Administration | Development | Environmental Services | Finance | Fire | Parks and Recreation | Police


  1. Mayor Boyd Arthur, Jr.,  Aldermen Wayne Addison, Wanda Goodman, Richard McNeese, Bob Oelke, and Jay Kahn (Vice Mayor).
  2. Attorneys were R. Lee Winchester (City Attorney), Boyd Rhodes, Jr. (Asst. City Attorney-Advisor to the Board of Mayor and Aldermen), C. Thomas Cates (Asst. City Attorney-Advisor to the Design Review Commission), Louis J. Miller (Asst. City Attorney-Advisor to the Planning Commission), Alan Strain (Asst. City Attorney-Advisor to the Board of Zoning Appeals).
  3. The Prosecuting Attorneys were Glenn Millar, Jr. (Asst. City Attorney-Senior Prosecuting Attorney), Joe M. Kirsch (Asst. City Attorney-Asst. Prosecuting Attorney), Jerome Rosengarten (Asst. City Attorney- Asst. Prosecuting Attorney).
  4. City Judges were Larry K. Scroggs and Raymond S. Clift.
  5. Commissions and Committees included Animal Control Commission, Board of Zoning Appeals, City Beautification Commission, Design Commission, Germantown Advisory Commission, Parks and Recreation Commission, Planning Commission, Audit Committee, Financial Advisory Committee, Cultural Arts Committee, Germantown Historic Committee, Old Germantown Committee, Personnel Advisory Committee and the Retirement Plan Administrator Committee.
  6. Mayor Arthur presented Former City Attorney Henry M. Beaty with a plaque of appreciation for years of unselfish service to the city.  Mr. Beaty began his service in 1973 and he had served on the Planning Commission, Annexation Committee and Advisor to the Board of Mayor and Aldermen.
  7. Anti-Trust decisions by the Supreme Court have made it possible for companies to compete for long distance telephone services.  The city switched from South Central Bell to TMC (Tela Marketing Communications, INC.) when a savings of $1000 a year was discovered.
  8. The beer permit issue was debated. The main issue appeared to be a moral one, with concerns of the close proximity of places wanting a beer permit with local churches and the high school.  State law gave the City permission to prohibit the sale of beer up to 200 feet from schools, churches, or other public places of gathering.  The City itself did not have a specific distance requirement.  The issue was turned over to the Planning Commission for a recommendation of an ordinance. Individual beer permits continued to be issued on a case by case basis.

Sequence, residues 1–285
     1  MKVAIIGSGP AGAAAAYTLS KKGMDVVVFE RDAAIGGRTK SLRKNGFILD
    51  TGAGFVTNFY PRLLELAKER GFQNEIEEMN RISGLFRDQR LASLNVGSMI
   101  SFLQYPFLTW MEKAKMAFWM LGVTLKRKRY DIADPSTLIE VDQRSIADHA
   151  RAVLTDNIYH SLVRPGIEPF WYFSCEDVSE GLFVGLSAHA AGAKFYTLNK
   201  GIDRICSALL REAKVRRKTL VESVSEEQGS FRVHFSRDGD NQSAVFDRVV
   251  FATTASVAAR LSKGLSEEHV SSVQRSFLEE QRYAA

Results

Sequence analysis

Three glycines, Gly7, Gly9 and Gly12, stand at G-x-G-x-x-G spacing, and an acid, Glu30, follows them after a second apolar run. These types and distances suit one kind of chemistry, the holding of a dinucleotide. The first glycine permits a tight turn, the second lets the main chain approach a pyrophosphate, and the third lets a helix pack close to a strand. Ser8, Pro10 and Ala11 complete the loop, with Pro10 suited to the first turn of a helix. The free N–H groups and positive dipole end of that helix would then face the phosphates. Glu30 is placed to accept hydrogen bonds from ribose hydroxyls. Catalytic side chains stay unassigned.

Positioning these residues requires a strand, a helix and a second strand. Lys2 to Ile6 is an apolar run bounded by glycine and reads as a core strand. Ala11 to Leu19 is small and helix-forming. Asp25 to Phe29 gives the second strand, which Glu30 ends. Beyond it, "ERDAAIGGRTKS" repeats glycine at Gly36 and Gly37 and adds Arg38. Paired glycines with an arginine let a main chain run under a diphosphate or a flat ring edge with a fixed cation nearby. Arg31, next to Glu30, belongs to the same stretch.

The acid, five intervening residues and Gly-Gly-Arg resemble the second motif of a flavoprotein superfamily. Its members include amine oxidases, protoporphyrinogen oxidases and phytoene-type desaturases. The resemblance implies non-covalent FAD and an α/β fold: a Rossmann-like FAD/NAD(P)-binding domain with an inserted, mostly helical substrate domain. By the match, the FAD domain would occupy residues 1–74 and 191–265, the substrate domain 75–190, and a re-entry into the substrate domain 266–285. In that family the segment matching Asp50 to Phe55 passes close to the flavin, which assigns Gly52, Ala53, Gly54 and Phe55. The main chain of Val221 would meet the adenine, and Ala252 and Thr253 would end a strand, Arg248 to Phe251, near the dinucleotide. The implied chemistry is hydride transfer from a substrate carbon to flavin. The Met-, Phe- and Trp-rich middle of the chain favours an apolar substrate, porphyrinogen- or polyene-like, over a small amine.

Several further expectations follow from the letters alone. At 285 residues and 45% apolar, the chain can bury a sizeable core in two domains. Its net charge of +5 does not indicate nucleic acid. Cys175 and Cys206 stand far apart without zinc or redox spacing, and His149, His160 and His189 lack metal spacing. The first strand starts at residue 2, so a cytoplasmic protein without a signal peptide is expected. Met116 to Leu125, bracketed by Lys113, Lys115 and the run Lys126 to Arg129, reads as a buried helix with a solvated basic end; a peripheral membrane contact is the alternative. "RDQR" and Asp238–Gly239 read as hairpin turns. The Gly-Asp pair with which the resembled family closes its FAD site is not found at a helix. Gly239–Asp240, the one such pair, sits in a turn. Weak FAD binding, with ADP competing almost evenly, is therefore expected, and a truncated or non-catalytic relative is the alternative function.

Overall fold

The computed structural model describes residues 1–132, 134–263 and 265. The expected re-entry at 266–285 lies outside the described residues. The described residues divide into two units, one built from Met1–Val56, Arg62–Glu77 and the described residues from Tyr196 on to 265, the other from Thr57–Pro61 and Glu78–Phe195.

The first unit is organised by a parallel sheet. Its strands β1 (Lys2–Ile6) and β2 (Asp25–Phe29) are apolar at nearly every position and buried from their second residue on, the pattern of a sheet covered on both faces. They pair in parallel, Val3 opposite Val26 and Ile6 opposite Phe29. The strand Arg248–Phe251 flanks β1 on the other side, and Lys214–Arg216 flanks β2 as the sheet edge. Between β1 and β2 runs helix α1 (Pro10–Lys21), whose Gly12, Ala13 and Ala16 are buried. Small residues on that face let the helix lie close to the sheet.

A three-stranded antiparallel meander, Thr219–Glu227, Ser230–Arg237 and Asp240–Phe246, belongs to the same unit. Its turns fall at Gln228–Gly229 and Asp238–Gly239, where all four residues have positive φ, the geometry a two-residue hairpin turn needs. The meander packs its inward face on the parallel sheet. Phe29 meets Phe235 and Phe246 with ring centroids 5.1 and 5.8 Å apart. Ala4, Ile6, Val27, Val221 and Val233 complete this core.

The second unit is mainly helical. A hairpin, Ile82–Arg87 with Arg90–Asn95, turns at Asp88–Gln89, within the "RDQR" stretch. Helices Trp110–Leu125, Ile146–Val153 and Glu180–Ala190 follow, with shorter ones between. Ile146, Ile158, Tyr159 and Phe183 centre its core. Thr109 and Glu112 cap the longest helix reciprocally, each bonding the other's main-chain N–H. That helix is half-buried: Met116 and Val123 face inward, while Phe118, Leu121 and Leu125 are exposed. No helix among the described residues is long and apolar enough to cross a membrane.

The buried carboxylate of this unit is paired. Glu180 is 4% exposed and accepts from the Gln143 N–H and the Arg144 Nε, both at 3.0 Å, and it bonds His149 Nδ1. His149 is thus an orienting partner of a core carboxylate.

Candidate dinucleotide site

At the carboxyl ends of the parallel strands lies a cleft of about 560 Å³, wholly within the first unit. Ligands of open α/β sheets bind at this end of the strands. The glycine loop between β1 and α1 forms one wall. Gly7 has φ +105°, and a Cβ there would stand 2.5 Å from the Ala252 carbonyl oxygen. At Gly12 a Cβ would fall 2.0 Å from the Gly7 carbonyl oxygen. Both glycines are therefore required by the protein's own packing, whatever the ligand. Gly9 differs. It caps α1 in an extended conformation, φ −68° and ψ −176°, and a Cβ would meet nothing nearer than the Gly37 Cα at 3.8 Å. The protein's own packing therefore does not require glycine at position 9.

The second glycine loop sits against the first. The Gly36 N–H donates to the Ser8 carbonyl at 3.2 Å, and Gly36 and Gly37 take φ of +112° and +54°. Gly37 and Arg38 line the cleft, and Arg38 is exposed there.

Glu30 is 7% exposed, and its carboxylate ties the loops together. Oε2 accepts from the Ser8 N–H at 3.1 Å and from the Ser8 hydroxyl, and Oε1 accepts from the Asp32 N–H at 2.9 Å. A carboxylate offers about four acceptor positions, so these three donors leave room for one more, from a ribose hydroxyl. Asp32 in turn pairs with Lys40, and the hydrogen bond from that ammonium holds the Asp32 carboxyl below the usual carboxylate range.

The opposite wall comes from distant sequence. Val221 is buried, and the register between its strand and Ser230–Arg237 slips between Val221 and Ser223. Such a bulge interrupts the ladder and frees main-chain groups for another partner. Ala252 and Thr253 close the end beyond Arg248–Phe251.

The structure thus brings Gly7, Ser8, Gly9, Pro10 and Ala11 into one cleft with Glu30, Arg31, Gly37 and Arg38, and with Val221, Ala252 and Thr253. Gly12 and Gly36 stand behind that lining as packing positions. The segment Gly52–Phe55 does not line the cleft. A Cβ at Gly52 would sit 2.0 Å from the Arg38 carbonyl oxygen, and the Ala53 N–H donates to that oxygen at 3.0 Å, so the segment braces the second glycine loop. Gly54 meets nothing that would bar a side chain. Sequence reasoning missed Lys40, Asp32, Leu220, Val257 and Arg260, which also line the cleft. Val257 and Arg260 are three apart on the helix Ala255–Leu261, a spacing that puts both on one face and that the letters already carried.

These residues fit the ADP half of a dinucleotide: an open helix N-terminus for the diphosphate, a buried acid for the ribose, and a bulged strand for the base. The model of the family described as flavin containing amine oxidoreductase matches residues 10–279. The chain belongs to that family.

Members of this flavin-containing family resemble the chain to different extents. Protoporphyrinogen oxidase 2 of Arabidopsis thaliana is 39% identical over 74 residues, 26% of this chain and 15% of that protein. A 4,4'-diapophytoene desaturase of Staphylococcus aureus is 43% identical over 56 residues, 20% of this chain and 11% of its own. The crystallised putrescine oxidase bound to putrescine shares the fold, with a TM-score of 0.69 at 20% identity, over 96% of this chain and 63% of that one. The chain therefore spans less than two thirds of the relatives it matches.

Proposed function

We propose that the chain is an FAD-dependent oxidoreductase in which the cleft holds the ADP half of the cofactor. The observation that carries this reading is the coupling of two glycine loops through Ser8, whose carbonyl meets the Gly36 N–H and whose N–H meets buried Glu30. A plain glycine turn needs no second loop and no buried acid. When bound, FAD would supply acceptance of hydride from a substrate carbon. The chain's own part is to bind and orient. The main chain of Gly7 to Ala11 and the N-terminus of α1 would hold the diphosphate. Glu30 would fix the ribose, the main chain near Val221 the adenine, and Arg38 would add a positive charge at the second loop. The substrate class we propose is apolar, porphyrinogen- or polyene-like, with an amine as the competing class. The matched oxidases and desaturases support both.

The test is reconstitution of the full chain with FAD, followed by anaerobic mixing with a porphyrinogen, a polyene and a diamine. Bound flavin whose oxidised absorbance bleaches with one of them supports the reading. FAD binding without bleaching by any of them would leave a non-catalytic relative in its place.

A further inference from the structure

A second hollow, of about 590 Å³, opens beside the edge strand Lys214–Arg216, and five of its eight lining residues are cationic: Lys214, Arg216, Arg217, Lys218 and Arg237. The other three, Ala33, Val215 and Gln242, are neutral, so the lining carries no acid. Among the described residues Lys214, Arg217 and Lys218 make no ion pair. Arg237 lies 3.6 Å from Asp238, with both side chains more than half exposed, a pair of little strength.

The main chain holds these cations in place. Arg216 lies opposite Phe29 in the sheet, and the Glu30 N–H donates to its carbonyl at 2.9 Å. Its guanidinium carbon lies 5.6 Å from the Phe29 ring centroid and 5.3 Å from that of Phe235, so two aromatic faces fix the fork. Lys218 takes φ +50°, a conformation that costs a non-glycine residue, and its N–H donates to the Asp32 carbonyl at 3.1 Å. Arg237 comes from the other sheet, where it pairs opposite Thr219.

9. A proclamation was announced that the City had joined President Reagan in recognizing April 9 as a permanent day to honor America’s POWs, MIAs and their families, and read a proclamation to that effect.
  10. Money was appropriated for purchasing equipment and insurance premiums for the Germantown High School television station.  A total of $4800 was set aside from money the City received from the cable television franchise after some debate.
  11. Policy Letters 25, 29 and 44 were combined into Policy Letter No. 49 entitled Purchasing Regulations.  This letter clarified purchasing procedures.  The change would minimize the number of small purchases presented to the Board.
  1. The Board approved a contract with Municipal Code Corporation to revise and recodify the City’s ordinances to reflect state and local laws, plus court decisions. Total cost was $10,000, which included fifty copies.